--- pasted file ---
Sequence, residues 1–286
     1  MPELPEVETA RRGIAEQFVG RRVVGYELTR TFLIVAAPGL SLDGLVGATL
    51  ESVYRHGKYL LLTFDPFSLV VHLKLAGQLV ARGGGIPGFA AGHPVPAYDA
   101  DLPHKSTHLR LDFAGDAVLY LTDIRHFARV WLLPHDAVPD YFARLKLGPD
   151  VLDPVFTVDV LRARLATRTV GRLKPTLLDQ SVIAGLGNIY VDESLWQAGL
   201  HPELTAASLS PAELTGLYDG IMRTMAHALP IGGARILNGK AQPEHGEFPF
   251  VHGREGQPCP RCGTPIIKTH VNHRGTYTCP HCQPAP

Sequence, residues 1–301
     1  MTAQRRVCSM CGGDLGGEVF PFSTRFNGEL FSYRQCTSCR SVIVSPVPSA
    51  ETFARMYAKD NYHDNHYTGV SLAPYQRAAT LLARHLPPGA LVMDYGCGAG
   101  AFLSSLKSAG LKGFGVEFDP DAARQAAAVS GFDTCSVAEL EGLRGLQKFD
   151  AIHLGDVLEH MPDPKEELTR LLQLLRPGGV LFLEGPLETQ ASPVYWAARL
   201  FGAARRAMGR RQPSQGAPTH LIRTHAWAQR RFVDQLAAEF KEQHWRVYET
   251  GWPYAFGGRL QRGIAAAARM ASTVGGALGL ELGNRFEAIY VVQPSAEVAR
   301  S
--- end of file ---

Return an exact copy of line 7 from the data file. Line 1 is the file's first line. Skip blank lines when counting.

   251  VHGREGQPCP RCGTPIIKTH VNHRGTYTCP HCQPAP